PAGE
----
29 November 2009
    The Sunday Times
    © 2009 Times Newspapers Ltd. All rights reserved
    SCIENTISTS at the University of East Anglia (UEA) have admitted throwing away much of the raw temperature data on which their predictions of global warming are based.

    It means that other academics are not able to check basic calculations said to show a long-term rise in temperature over the past 150 years.

    The UEA’s Climatic Research Unit (CRU) was forced to reveal the loss following requests for the data under Freedom of Information legislation.

    The data were gathered from weather stations around the world and then adjusted to take account of variables in the way they were collected. The revised figures were kept, but the originals — stored on paper and magnetic tape — were dumped to save space when the CRU moved to a new building.

    The admission follows the leaking of a thousand private emails sent and received by Professor Phil Jones, the CRU’s director. In them he discusses thwarting climate sceptics seeking access to such data.

    In a statement on its website, the CRU said: “We do not hold the original raw data but only the value-added (quality controlled and homogenised) data.”

    The CRU is the world’s leading centre for reconstructing past climate and temperatures. Climate change sceptics have long been keen to examine exactly how its data were compiled.

    That is now impossible.

    Roger Pielke, professor of environmental studies at Colorado University, discovered data had been lost when he asked for original records. “The CRU is basically saying, ‘Trust us’. So much for settling questions and resolving debates with science,” he said.

    Jones was not in charge of the CRU when the data were thrown away in the 1980s, a time when climate change was seen as a less pressing issue. The lost material was used to build the databases that have been his life’s work, showing how the world has warmed by 0.8C over the past 157 years.

    He and his colleagues say this temperature rise is “unequivocally” linked to greenhouse gas emissions generated by humans. Their findings are one of the main pieces of evidence used by the Intergovernmental Panel on Climate Change, which says global warming is a threat to humanity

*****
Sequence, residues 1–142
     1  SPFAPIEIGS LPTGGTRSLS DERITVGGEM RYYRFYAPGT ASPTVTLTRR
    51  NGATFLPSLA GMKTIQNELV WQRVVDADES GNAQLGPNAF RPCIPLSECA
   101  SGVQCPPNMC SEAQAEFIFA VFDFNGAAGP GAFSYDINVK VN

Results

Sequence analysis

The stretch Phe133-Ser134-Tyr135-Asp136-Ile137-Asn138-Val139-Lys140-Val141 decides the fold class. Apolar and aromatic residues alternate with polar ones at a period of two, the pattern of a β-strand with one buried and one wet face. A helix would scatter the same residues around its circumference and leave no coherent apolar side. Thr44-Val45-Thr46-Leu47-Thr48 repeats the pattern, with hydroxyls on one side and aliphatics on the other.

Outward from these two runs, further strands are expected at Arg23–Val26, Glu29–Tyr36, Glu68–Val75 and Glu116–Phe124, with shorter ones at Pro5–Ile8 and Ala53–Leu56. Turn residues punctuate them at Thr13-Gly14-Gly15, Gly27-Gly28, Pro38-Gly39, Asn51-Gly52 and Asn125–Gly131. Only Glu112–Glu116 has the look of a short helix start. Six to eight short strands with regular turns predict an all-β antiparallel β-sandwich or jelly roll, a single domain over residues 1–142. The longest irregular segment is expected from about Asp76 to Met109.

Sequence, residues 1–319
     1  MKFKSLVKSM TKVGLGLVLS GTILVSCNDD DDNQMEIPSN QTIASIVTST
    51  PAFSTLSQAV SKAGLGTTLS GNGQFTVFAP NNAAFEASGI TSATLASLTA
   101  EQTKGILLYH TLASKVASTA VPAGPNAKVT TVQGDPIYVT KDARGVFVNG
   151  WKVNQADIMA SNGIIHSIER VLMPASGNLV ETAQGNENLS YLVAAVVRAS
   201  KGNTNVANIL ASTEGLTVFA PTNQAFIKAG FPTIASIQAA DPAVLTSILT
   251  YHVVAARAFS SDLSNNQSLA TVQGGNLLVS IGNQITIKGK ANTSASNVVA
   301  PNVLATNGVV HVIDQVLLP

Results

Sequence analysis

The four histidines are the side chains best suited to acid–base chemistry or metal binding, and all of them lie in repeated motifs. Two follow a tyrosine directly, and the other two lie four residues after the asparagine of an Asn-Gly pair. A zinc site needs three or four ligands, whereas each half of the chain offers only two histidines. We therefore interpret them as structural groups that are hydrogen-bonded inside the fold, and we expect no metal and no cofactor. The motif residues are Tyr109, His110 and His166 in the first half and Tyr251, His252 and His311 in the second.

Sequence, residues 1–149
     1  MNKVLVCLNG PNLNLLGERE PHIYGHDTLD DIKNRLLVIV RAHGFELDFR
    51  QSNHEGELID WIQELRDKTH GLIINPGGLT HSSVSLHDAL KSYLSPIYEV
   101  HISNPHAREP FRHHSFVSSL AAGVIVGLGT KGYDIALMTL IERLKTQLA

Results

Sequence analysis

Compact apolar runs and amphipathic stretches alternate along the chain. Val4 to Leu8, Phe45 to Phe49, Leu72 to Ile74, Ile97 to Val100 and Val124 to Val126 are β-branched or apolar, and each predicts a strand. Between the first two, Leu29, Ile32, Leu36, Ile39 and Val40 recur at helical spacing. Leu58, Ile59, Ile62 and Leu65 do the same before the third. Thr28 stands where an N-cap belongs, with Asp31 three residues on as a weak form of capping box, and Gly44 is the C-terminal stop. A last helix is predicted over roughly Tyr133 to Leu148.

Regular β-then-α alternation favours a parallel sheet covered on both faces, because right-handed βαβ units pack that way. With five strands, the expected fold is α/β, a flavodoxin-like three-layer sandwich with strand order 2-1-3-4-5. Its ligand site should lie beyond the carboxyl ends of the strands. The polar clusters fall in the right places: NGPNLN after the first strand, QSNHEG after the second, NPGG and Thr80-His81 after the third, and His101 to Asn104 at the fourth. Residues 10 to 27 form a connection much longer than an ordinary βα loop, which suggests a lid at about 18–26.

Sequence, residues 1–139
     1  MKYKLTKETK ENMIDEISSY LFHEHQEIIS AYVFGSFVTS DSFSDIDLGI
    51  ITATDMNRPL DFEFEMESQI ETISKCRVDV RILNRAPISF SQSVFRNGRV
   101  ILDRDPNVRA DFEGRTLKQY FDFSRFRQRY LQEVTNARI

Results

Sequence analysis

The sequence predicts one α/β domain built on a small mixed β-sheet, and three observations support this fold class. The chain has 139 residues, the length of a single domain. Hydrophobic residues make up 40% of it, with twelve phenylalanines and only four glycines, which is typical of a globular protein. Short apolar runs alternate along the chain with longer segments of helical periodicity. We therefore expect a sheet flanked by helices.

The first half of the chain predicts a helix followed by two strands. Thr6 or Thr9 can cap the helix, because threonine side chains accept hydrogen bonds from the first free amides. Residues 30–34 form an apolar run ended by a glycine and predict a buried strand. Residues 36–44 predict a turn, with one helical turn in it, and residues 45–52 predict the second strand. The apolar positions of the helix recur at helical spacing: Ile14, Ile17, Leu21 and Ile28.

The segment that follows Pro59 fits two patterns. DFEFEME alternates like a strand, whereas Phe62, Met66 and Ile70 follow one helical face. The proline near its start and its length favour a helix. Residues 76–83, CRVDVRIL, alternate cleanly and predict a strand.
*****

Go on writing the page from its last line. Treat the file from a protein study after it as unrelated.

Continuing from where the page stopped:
8. One last point. I understand the Australian has reprinted some of my articles on climate. I believe we have a syndication agreement with them. However, those articles may have been sub-edited or been given new headlines without any reference to me – so please do bear this in mind when reading them. I have never done a comparison of our originals and what they print but suspect there could be some major differences!

  9. I realise your column was three years ago Johnathan but … “That is now impossible.” … was probably the lazy way out for the so-called skeptics. The deniers always had, and still have, the option of collecting their *own* data, doing the requisite analysis, then submitting their (presumably dissenting) findings for peer review.

    They could just stop whining and go do the science for themselves but so far they’ve produced nothing substantive except the BEST project … and that wound up affirming the consensus.

    I wonder where Anthony Watts’ widely trumpeted Surface Stations Project is at these days ? I’d certainly like to read a clear-eyed assessment of that pathetic turd polishing effort in an august weekly like the Sunday Times. One can live in hope I guess.

    I’m also interested in whether your opinion has changed since you wrote that piece in 2009 – has your position hardened against or moved towards what the science is telling us. In your column above you come across as having severe doubts about the whole AGW proposition but I’d suggest that as time has gone by, scientific support for the consensus view has done nothing but strengthen.

    Lastly I’d just say that CRU is not now and never has been the sole organisation that ‘does’ climate change science. There are a few others.

  10. Hi Chris
    The scientific concensus is very clear – the world has warmed significantly and is in great danger of warming even more on a very short (decadal) timescale – far too short for us or the natural world to adapt to. There’s little evidence to support sceptics who argue that the world is not warming – and a great deal against them.

    If you talk to sceptics, however, you tend to find their views are not that simple. Most of them now seem to accept the world has warmed over the last century or two but now argue that it’s largely a natural phenomenon.

    There’s also an argument over whether warming happens relatively smoothly or incrementally – in fits and starts. This last issue has been exploited by some sceptics because it generates short spells of cooling amidst the longer term warming – and so has had a political impact. (See David Rose’s articles in the Mail on Sunday for examples.)

    Politicians often don’t get natural variation – and that is what prompted our article.

    (By the way, you can’t tell from the web but that article appeared deep inside our paper and had little prominence. The real aim of the Met Office in giving the figures to us was to anticipate and defuse the possible publicity the climate figures would generate when released by the WMO just before Doha).